Multiple Grammy Award-winning songwriter, recording artist, choirmaster and author Kirk Franklin has been dubbed the “reigning King of Urban Gospel” by Variety Magazine. We take a look at his 1998 album The Nu Nation Project, which openly addresses the challenges Christian artists face when secular success happens.
“I believe that I’m the pen and I believe that God’s the poet, and He writes what He wants to be said. I don’t believe that I’ve ever written a song in my life. It’s just God doing it in me because I’ve tried to write songs before and they are ugly.” ~ Kirk Franklin in Jet Magazine (2006)
Kirk Franklin was born in 1970 and raised in the tough neighbourhood of Fort Worth, Texas. Adopted by his 63-year-old great-aunt Gertrude when his teenage mother abandoned him at the age of 3, he grew up in a strict Baptist household. He was exposed to gospel music while attending church services; at home, as his great-uncle played jazz and hymns on the family’s upright piano.
Singing and dancing along in the living room to his great-uncle’s playing, Franklin began to mimic what he saw and eventually took to playing the piano by himself by the age of 4. Seeing Franklin’s burgeoning musical talent, his great-aunt sent him for piano lessons in their local neighbourhood. Unable to afford the lessons, she raised the money by collecting aluminium cans off the street and selling them to a recycling center.
As Franklin’s musical abilities grew, he was offered a recording contract at the age of 7 but his great-aunt turned it down, wanting him to stay planted in their local church where he was an active member of the gospel choir. Playing piano and singing in his church up to the age of 11, an opportunity arose for Franklin to lead the choir when its music minister left. Dealing with initial resistance from the choir members—some of whom had grandchildren older than him—Franklin won the group over with his raw ability and talent, and was installed as the church’s music director not long after.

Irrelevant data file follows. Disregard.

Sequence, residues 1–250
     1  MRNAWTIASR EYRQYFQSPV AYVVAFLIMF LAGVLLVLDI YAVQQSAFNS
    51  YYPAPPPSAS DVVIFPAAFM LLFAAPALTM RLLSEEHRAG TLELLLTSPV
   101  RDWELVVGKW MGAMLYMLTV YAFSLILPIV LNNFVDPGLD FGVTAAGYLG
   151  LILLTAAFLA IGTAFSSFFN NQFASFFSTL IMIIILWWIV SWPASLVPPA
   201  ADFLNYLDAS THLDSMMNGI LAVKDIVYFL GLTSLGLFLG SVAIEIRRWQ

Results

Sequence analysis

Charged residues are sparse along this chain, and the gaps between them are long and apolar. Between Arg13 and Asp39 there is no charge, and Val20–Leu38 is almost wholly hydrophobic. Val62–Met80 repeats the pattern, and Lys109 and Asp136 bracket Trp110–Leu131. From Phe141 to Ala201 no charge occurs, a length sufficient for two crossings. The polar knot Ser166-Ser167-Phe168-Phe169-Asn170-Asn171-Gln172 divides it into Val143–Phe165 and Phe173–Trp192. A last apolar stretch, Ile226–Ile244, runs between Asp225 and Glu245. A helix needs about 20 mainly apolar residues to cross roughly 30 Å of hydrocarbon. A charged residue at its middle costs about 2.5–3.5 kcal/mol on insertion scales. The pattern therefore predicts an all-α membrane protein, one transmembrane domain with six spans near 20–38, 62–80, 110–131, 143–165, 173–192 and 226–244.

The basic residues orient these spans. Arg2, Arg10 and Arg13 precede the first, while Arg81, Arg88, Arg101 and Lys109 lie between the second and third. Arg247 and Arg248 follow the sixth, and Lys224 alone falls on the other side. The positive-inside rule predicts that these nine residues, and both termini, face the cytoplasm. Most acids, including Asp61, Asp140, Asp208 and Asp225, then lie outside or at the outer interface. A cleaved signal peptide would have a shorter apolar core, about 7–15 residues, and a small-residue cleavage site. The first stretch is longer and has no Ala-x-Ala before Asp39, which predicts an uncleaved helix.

Though he excelled in his music ministry, by his teenage years, Franklin’s personal life started to parallel others in his impoverished neighbourhood. Bullied at school for being a “Church Boy” and a “Mama’s Boy”, and taunted for his effeminate manner and his short stature, Franklin rebelled against his Baptist upbringing and pushed himself into promiscuous relationships with girls to prove his masculinity amongst his peers.
At the age of 15, Franklin witnessed the tragic death of a friend in an accidental shooting. Shocked at seeing someone die so young, he rededicated his life to the Lord and began leading the choir again. After a few false starts trying to get his life back on track (he attended and was later expelled from a professional youth conservatory; he also had to deal with the pregnancy of his young girlfriend), Franklin created a homemade demo tape of his music and it found its way into the hands of the renowned gospel artist and producer Reverend Milton Biggham.
Franklin was hired by Biggham to lead the choir at the 1990 Gospel Workshop of America Convention, and buoyed by the experience, Franklin went on to form a 17-piece gospel group called The Family, selecting singers from among his neighbourhood friends.
Franklin and his new choir caught the attention of the fledgling gospel record label GospoCentric, which took a chance on the then 22-year old choir director and signed him as their first recording artist. Under the guidance of the label’s innovative founders—husband and wife team Claude Lataillade and Vicki Mack-Lataillade—Franklin’s debut gospel album Kirk Franklin And The Family, was released in 1992, and became a sleeper hit.